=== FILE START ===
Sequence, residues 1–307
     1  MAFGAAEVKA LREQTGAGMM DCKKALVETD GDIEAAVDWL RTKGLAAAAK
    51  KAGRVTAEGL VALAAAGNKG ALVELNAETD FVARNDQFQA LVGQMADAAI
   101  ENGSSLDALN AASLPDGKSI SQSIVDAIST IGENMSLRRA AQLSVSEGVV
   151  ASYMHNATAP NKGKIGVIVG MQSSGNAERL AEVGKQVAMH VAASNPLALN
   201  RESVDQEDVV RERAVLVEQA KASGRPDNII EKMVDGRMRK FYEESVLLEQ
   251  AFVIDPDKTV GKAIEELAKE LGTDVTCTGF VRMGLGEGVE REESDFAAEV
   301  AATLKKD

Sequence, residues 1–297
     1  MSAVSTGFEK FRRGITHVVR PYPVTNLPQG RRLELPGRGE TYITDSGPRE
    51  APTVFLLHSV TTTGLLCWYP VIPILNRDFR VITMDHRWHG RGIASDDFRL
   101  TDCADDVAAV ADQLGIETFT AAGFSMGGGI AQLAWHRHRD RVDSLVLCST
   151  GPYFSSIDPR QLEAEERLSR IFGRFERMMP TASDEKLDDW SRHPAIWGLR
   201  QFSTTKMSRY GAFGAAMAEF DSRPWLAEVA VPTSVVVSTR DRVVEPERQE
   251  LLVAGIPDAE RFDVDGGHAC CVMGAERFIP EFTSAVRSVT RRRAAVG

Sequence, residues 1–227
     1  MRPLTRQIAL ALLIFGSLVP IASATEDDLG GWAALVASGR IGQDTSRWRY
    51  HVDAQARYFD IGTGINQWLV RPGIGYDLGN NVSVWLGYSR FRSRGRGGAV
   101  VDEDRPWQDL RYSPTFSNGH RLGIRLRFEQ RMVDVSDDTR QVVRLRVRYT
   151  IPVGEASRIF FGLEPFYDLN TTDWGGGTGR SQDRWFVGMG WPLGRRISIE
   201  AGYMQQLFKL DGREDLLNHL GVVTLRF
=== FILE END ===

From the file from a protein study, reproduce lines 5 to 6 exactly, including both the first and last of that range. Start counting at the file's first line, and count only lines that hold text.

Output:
   151  ASYMHNATAP NKGKIGVIVG MQSSGNAERL AEVGKQVAMH VAASNPLALN
   201  RESVDQEDVV RERAVLVEQA KASGRPDNII EKMVDGRMRK FYEESVLLEQ